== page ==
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Chapter 9: MILLENNIUM DEVELOPMENT GOALS
Terms in this set (47)
MILLENNIUM DEVELOPMENT GOALS: what are they?
- In September 2000, world leaders came together at the UN headquartes in New York and formalised the United Nations Millennium Declaration
- endorsed by 189 countries, recognised the importance of all countries developing global partnerships that aimed to reduce extreme poverty by 2015 through the achievement of the MDGs.
- MDGs acronym: EAPRICED
GOAL 1: Eradicate extreme poverty and hunger - purpose
- to reduce the level of poverty within developing countries through the development of strategies to promote employment opportunities, particularly for women and young people
greater employment opportunities + income earning capacity >>> expectation in a reduction in number of people suffering from hunger.
- 3 targets
GOAL 1: Eradicate extreme poverty and hunger - reason of importance (1)
Poverty has an enormous impact on morbidity and mortality rates in developing countries, impacting on individuals in:
-not being able to purchase the quantity of food needed to sustain life
-not being able to access the required health care to treat a preventable illness
-not being able to afford shelter to protect individuals and families from danger and extreme environmental conditions.
GOAL 1: Eradicate extreme poverty and hunger - reason of importance (2)
- Without an adequate income, individuals are unable to provide for their most basic needs.
- At a national level, poverty means that a country does not have the economic resources to develop infrastructure and invest in education, health, political and legal systems, and public institutions.
- increased income enables individuals to purchase nutritious foods, reducing proportion of people suffering from hunger >>> improved nutrition improves the health status of individuals >>> improved health promotes human development as individuals have greater opportunities to achieve capabilities.
GOAL 1: Eradicate extreme poverty and hunger - targets (1)
Target 1: Halve, between 1990 and 2015, the proportion of people whose income is less than US$1 a day
- measuring extreme poverty enables comparisons to be made between countries to determine the relative level of poverty within a country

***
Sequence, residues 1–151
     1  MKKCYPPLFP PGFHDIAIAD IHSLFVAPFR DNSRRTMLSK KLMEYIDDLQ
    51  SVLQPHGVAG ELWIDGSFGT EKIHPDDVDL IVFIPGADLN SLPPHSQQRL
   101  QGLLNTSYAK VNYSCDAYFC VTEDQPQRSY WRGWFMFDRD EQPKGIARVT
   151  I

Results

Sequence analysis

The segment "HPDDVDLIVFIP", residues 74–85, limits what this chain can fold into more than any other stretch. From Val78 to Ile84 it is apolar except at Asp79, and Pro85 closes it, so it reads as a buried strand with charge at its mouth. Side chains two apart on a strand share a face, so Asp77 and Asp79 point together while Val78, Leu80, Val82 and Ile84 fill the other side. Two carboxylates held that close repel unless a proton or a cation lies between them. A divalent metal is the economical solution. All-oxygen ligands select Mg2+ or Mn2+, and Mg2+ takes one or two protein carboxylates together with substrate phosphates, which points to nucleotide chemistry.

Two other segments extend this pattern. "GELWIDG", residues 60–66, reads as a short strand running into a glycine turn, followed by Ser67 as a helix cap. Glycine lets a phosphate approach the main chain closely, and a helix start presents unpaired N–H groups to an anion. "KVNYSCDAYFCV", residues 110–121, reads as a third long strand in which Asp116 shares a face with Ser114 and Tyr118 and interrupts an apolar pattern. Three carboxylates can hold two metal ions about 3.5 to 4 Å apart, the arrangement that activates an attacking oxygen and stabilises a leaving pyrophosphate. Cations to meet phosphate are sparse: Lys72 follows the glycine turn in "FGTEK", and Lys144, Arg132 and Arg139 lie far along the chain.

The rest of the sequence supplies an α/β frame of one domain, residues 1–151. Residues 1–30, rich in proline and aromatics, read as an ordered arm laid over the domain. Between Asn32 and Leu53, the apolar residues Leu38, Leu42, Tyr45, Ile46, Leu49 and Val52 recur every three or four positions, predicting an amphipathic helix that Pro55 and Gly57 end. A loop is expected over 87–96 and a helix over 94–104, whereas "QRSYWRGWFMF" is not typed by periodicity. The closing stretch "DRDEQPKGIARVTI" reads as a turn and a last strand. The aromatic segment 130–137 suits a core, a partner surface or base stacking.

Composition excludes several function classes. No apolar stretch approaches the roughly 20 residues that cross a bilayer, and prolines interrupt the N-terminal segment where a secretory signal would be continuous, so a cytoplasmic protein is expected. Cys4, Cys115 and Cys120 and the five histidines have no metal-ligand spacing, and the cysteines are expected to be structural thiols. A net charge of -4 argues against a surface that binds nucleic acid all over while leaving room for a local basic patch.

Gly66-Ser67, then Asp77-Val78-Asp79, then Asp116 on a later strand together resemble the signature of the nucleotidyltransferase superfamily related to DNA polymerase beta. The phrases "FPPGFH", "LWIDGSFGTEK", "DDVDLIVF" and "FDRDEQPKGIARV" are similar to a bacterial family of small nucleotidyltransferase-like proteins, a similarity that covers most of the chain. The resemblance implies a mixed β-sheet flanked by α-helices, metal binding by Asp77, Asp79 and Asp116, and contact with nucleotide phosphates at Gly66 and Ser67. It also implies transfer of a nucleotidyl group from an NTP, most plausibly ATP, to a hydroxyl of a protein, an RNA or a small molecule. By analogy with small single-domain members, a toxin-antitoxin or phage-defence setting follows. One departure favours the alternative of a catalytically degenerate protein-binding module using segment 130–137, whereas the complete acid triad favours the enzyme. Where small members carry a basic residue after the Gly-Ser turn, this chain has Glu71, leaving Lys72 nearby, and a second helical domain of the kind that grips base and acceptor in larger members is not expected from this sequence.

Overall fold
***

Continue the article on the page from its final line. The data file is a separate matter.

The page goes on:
GOAL 1: Eradicate extreme poverty and hunger - targets (2)
Target 2: Achieve full and productive employment and decent work for all, including women and young people
- By providing opportunities for full and productive employment, individuals are able to earn an income, which allows them to improve their circumstances.
- women are often poorer than men, work in jobs involving hard physical labor that can be detrimental to health (i.e. damage to bones and nerves), limited or no access to education
- children usually forced into child labor, no access to education
GOAL 1: Eradicate extreme poverty and hunger - targets (3)
Target 3: Halve, between 1990 and 2015, the proportion of people who suffer from hunger
- Hunger can be defined as the continuing deprivation in a person of the food needed to support a healthy life. Malnutrition refers to a lack of specific nutrients required for the effective functioning of the body.
- Hunger and malnutrition can increase the effects of diseases such as measles and malaria.
GOAL 1: Eradicate extreme poverty and hunger - measuring success
- For the first time since poverty trends have been monitored, the number of people living in extreme poverty and poverty rates fell in every developing region.
- Although high food and fuel prices, and the global financial crisis have had a significant impact on developing countries and slowed the rate of poverty reduction,global poverty rates have continued to decline and MDG1 will be achieved by 2015.
GOAL 2: Achieve universal primary education - purpose